These are tense days for the bees so think about using this non-native (yes, I said not native) small sub-shrub as a compliment to your other native pollinator friendly plants, shrubs and trees and bring on the bees!

If you’d like to take a look at this plant in action visit the PSU Edible Demonstration Garden at the Horticultural Center, in the beautiful Fairmont Park, right here in Philadelphia.  I promise you won’t be disappointed.

Thursday, June 22, 2017

Harlequin Bug

By Stephanie Rukowicz

The harlequin bug is a type of stink bug, much more colorful than the brown ones you might find around your house. An invasive species, it is a common insect pest of crucifers in the southern part of the U.S. but in recent years has been reported in PA as well.

2016 brought my first encounter with harlequin bugs. First eggs were sighted on kale around the same time I was noticing leaf miner damage to spinach and beet leaves (early May). At the time, I wasn’t sure what had laid the eggs, but noted their distinguished geometrical grouping and pattern.
 Uncapped (already hatched) eggs.

Side view of eggs, note black striping along side.
As the season progressed,the harlequin bugs made themselves known. Mostly laying on and inhabiting my kale plants, I attempted hand control by picking eggs and both adult and baby bugs, which helped but did not eliminate the population. I noticed as I pulled and destroyed severely infested plants that bugs and eggs could also be found on closely neighboring tomato plants. The warmer winter of 2015/2016 may have played a role in my new familiarity with this insect pest. Also, two plots in our garden use a radish cover crop, possibly providing a nice winter home for adult bugs.
Harlequin bugs on the underside of a collard leaf. Adult top left, youth middle right.
Later this season, I also spotted Harlequin bugs in the Parks and Rec vegetable garden at Columbus Square Park. Is this a new issue for South Philly? I wonder what next year’s gardening season will be like and if we need a more concentrated effort to control this pest population.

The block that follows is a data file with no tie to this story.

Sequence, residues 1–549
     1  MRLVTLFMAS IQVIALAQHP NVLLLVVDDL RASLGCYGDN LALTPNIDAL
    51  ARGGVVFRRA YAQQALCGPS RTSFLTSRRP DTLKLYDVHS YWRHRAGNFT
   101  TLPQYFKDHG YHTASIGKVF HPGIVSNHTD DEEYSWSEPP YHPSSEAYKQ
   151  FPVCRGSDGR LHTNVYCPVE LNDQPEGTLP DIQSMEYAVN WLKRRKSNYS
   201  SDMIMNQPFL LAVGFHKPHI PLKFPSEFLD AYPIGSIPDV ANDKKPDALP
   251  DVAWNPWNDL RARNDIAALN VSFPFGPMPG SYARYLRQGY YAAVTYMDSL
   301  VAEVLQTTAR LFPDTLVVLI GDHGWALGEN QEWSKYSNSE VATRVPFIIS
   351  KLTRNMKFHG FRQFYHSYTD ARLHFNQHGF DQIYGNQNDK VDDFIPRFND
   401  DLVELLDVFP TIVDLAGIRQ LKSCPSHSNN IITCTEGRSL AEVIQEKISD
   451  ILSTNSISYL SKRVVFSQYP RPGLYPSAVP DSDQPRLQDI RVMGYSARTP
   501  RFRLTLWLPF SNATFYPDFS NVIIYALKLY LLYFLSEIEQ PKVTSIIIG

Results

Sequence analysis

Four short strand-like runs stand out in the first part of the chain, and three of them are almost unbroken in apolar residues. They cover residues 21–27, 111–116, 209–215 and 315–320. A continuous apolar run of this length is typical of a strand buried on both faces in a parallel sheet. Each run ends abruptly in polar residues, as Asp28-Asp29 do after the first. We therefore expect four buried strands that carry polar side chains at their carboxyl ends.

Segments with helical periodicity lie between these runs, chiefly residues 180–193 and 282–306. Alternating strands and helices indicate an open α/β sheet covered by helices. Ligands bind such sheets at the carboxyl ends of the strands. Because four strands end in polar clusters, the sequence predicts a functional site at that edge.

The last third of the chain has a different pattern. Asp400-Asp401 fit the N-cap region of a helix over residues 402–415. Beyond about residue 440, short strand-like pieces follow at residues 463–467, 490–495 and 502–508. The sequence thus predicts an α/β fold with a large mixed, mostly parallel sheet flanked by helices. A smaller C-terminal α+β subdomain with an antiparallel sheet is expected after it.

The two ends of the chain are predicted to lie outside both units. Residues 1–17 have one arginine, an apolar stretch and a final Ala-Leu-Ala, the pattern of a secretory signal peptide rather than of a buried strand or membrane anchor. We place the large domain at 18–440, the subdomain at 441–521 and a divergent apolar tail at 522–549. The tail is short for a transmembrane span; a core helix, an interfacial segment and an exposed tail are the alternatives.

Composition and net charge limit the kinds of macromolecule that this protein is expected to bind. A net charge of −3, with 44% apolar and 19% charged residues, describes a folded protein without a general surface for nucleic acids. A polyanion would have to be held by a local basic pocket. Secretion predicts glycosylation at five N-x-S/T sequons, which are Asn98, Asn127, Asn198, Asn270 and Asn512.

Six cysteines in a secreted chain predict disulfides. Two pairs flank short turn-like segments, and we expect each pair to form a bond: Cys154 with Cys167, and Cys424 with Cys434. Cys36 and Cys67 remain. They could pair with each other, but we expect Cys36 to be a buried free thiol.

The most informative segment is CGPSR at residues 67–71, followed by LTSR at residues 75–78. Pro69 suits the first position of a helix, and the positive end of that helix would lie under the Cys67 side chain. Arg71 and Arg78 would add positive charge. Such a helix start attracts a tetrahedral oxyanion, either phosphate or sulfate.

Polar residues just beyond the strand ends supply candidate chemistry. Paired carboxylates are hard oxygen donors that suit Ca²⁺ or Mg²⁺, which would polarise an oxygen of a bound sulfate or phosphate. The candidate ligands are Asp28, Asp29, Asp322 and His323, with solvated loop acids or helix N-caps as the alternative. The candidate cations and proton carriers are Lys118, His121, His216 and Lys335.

Collard leaf with damage from harlequin bugs,
browning and spotting. Also showing
concurrent damage from cabbage lopers
(holes and munching around leaf margins).
“Early in the season populations and damage are often low and you may be tempted to ignore them. But, with two to three generations in a season, by the time fall crops begin to mature their numbers may be one hundred times as high, causing serious damage. Harlequin bugs reproduce quickly, developing from an egg to an adult in about 48 days. Adult males may live up to 25 days and females up to 41 days. During their adulthood they can mate repeatedly laying multiple egg masses of 12 eggs every 3 days. That means a single female can produce 164 eggs. My advice – don’t ignore harlequins bugs; put together a plan to keep their numbers low.”

“Host-free periods without brassicas can help limit the population. Remember brassica cover crops, like forage radish, are known hosts. Harlequin can also feed and reproduce on wild weedy mustards (Shepherd’s purse, wild mustard, pepperweed), pigweed (Amaranthus spp.), lambsquarter (Chenopodium spp.). Keeping these weeds under control in fields and on field edges will limit habitat. Leftover crop residue in the field provides a protected host area for over-wintering adult harlequins. Remove or disk in residue to destroy overwintering sites. Trap crops have been recommended, but I would suggest that you need to rapidly kill the bugs in the trap crop, or destroy the trap crop and follow it with a host-free period, for this to work well. Plant an early crop of horseradish, mustard or kale and try to kill the harlequin bugs concentrated on this favorite host. One grower has successfully controlled harlequin by frequent vacuuming.”

Thursday, June 15, 2017

Window Box Idea: Succulents!

By Stephanie Rukowicz

Unlike some other Master Gardeners, I have not yet developed a knack for ornamental containers. Philadelphia's hot summers, long dry periods, and our home's south facing location add up to annual die-off of most of my window box plantings. The shallow, narrow boxes just don't retain enough water to cope with the elements. Short of an auto-drip watering system, I was running out of ideas until I stumbled past this window box on one of my walks. 

Succulents! The perfect plant to withstand the urban summer elements. Now I just need to decide which varieties to try, as there are so many to choose from. 

This article from Penn State Extension is helpful in narrowing down the options. An excerpt:
"Besides their eye-catching appeal, succulents are relatively pest and maintenance free. They are easy to grow if their cultural needs are met. Their large, fleshy leaves store moisture, making them relatively drought tolerant. The larger the leaves on the plants the longer they can go without water. The most critical aspect of success with succulents is to plant them in a container mix that drains freely...Variegated and light green leaves can scorch in full sun. Darker green and burgundy leaves can generally tolerate more sun."